If we are to enumerate some of the good things about eggs, these three will come out on top of the list: delicious, nourishing, and cost little. Turning to a couple of their drawbacks, eggs are high in cholesterol and can cause certain illnesses if consumed undercooked or, worse, raw. While the latter drawback appears quite easy to address with proper cooking, it is the former, ranged against the mentioned advantages, that causes much uncertainty to many people as to whether they should indulge or limit their intake.
In the late 1960’s, the American Heart Association (AHA) advised that people should limit their weekly intake of eggs to three. This medical advisory was the result of several scientific studies which showed that having a continuously high level of blood cholesterol can pave the way for the development of atherosclerosis, the accumulation of cholesterol in the blood vessel walls that causes hardening of the arteries. This condition is a major underlying cause of stroke and heart attack.
But an analysis of more comprehensive studies undertaken much later by epidemiologists proved that healthy people can actually consume an egg every day and this won’t likely have any considerable impact on their risk of having stroke or coronary heart disease. Because of this, the AHA withdrew its earlier advisory, declaring almost thirty years later from its issuance thereof that it was “…no longer making any new recommendation as to the number of eggs a person should consume each week…”; it further issued a revised guideline, advising people to “…limit (instead) their intake of cholesterol from foods having a high content of animal fats.” In this way, the AHA said that the dietary guidelines for the intake of saturated fat can easily be met even when a person consumes eggs periodically.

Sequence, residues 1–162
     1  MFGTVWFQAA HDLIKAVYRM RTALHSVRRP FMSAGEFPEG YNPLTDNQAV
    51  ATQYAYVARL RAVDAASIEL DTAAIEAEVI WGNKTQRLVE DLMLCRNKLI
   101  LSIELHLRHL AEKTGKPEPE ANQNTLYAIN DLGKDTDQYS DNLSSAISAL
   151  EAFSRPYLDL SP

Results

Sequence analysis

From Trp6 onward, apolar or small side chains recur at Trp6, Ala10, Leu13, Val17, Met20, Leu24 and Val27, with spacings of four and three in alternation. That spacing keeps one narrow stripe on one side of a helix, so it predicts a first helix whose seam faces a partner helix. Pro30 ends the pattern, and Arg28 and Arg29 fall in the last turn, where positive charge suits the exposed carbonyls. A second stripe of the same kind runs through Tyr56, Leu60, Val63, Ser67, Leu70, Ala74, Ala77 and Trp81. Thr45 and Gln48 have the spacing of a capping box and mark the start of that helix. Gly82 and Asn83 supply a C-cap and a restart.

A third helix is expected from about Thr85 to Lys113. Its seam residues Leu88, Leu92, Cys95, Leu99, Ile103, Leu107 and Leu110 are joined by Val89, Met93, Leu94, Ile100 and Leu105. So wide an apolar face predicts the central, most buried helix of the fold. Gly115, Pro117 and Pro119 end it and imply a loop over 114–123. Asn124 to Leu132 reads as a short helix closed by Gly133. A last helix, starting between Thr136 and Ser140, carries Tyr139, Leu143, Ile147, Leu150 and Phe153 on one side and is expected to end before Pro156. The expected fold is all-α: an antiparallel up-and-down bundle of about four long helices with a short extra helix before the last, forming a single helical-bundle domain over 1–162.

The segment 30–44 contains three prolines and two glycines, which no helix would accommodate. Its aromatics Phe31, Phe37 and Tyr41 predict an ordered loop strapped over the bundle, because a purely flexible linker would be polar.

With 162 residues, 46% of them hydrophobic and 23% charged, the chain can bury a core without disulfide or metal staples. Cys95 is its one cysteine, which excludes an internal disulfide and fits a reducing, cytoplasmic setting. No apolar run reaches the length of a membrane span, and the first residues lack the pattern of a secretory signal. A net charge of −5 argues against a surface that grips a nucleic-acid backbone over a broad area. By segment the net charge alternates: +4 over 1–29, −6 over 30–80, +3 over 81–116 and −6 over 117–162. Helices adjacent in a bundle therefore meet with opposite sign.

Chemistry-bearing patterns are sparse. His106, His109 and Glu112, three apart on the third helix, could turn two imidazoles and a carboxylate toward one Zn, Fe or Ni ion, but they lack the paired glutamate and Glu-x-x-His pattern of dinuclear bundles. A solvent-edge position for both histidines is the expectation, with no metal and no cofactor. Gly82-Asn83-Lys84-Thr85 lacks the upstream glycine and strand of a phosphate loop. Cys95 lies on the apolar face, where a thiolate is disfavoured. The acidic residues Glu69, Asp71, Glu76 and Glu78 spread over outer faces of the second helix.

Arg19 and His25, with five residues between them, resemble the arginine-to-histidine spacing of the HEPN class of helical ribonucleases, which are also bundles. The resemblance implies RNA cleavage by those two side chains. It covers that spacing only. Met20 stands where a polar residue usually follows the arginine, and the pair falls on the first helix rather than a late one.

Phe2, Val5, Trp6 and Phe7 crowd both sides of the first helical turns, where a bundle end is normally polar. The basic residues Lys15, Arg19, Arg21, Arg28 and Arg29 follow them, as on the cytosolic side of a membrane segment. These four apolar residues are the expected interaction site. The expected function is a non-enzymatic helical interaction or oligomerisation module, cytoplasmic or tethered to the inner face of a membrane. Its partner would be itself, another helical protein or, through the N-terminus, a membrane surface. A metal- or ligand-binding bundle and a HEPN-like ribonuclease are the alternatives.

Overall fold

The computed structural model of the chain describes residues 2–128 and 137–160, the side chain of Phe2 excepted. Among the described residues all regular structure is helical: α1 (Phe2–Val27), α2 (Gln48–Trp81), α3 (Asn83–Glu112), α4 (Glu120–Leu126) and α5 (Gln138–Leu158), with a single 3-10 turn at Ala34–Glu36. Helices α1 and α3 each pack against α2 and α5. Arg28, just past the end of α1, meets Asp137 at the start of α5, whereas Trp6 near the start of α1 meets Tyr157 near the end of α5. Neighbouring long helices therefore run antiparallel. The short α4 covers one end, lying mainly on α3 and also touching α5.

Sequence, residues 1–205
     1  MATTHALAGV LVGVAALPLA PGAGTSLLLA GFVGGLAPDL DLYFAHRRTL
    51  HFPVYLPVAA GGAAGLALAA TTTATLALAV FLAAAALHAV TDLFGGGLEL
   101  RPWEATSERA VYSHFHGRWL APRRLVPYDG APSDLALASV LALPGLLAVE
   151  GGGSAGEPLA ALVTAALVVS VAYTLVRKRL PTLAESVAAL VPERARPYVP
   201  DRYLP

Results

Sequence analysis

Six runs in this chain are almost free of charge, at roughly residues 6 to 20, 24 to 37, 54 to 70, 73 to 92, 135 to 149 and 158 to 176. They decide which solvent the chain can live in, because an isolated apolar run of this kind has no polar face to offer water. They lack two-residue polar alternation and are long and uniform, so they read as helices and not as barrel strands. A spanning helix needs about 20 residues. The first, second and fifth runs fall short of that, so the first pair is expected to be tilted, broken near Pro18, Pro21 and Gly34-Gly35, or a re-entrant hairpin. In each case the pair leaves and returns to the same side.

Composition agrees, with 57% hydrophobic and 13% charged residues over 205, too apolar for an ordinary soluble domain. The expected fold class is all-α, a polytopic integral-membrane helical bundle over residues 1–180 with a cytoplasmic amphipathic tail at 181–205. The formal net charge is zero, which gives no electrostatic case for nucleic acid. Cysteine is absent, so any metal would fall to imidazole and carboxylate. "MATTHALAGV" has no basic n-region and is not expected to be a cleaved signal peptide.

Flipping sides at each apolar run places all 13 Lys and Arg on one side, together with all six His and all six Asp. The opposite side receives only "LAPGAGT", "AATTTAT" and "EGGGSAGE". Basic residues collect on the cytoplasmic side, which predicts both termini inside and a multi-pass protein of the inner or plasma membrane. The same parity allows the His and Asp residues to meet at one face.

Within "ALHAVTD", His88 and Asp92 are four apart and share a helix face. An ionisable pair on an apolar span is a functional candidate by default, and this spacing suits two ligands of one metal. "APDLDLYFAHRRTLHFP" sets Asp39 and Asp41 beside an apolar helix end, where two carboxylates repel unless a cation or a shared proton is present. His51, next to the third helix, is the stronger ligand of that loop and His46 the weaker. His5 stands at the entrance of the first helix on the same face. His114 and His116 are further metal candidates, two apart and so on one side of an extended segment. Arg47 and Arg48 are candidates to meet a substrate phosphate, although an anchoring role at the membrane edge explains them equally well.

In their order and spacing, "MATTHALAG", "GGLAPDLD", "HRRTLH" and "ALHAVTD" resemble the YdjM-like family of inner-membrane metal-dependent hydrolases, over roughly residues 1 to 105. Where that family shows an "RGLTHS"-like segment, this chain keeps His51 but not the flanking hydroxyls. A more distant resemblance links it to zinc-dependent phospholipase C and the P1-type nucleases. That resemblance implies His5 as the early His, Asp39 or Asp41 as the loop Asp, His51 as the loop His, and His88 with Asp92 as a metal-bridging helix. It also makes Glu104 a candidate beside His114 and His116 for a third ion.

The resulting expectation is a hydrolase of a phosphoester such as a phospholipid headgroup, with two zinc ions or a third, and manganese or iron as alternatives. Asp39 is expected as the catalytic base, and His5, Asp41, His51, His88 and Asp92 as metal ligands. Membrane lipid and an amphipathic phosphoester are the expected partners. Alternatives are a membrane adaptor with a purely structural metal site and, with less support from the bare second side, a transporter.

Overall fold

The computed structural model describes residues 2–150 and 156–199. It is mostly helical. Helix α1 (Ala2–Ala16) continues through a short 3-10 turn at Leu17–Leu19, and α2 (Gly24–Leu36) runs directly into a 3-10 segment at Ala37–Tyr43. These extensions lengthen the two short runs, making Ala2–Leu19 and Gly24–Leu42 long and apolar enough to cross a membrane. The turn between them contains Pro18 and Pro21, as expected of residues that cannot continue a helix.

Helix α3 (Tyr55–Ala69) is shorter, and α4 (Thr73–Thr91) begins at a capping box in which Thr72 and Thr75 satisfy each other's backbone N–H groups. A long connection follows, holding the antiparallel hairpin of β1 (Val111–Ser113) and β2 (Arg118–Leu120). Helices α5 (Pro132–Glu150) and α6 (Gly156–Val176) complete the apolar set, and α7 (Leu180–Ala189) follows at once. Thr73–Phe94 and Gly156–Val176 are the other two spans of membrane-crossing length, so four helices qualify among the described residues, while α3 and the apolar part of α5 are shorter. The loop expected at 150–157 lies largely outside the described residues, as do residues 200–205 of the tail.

On the average, a whole egg has only seventy calories; yet it supplies approximately ten percent of a person’s daily protein requirements, on top of providing generous portions of other nourishing substances. An egg’s yolk has about two hundred fifteen milligrams of dietary cholesterol, while the whole egg itself has about two grams of saturated fat. As has been established in many studies, high cholesterol levels are caused by saturated fat and not dietary cholesterol. These same studies point to the findings that consuming three eggs daily had virtually no effect on the blood cholesterol of the healthy young people who were tested.
It is evident from all these that our body acts toward cholesterol from eggs in a different way from how it reacts to cholesterol derived from other animal products. It is also possible, according to some health experts, that the other healthful nutrients in eggs – particularly choline (an alkaline compound that acts as a fat emulsifier) – have an opposing effect on what cholesterol does to the body.
Most health experts now say that consuming four to five eggs a week is safe for a person whose blood cholesterol is in the normal level. On the other hand, the same experts advise people with high levels of blood cholesterol to limit their consumption of eggs, and that they should focus on lowering saturated fat in their diet and on shedding excess weight.
Sources: http://www.annecollins.com/diet_news/cholesterol-eggs.htm and “The Truth About Eggs” by Sebastien Stefanoy at http://www.askmen.com/sports/foodcourt_60/66b_eating_well.html